Interpretation summary for Nonparametric Distribution Analysis (Arbitrary Censoring)

Use nonparametric distribution analyses to provide estimates that describe the reliability of your product for the following conditions:
  • When no known distribution adequately fits your data.
  • When you want to validate or compare the results from a parametric distribution analysis.

Parametric methods provide more precise results and estimate more types of functions.

Depending on which nonparametric method you choose, you can do the following:
  • Display distribution characteristics such as median time to failure
  • Estimate percentiles and survival probabilities
  • Display survival and hazard plots

When your product fails in different ways, use a failure mode analysis to evaluate the impact of each type of failure on the overall reliability. Each failure mode is assumed to be independent. By analyzing each failure mode individually, you can more easily prioritize your improvement efforts.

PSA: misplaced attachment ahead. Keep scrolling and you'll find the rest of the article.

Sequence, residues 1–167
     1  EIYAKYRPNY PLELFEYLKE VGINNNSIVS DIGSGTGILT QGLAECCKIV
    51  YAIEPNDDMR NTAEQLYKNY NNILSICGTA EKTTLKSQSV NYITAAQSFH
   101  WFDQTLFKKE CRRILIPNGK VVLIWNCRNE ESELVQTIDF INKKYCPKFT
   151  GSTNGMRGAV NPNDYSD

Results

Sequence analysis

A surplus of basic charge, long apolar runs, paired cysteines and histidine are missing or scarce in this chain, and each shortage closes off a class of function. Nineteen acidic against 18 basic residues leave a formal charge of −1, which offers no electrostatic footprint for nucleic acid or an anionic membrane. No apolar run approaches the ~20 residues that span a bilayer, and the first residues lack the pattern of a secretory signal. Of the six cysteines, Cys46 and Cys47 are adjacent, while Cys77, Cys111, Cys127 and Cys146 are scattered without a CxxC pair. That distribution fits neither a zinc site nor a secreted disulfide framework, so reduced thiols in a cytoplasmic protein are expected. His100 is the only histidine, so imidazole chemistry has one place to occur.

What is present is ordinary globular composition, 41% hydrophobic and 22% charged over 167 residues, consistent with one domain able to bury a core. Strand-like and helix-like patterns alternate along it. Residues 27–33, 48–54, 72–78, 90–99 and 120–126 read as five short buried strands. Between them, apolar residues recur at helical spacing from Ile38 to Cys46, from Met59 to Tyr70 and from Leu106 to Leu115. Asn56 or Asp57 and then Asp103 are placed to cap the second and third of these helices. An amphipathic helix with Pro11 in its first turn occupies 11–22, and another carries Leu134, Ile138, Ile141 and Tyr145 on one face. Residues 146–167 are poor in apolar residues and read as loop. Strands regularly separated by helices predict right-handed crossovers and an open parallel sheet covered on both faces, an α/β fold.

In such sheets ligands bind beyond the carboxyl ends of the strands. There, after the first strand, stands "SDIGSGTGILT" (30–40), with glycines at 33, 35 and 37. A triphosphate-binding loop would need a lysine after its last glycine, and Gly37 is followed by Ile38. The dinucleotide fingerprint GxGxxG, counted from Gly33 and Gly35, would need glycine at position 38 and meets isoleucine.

You can use a failure mode analysis to assess the following:
  • Reliability of each failure mode
  • Overall product reliability
  • Overall product reliability after removing a specific failure mode

Data description

Muffler Data: Single failure mode analysis

A company set the warranty of its new type of mufflers at 50,000 miles. The reliability group wants to assess the reliability of the new type of mufflers and to estimate the proportion of warranty claims they can expect. The measurement of interest is the number of miles driven on a muffler when a warranty claim is made.

The reliability group performs a nonparametric distribution analysis using both the Turnbull and actuarial methods.

Pump Data: Multiple failure mode analysis

The same automobile manufacturer is also working with the supplier of their water pumps to improve their overall reliability. To determine how to focus the improvement effort, engineers collect data on how and when water pumps fail.

The engineers perform a nonparametric multiple failure mode analysis using the Turnbull method.

By using this site you agree to the use of cookies for analytics and personalized content.  Read our policy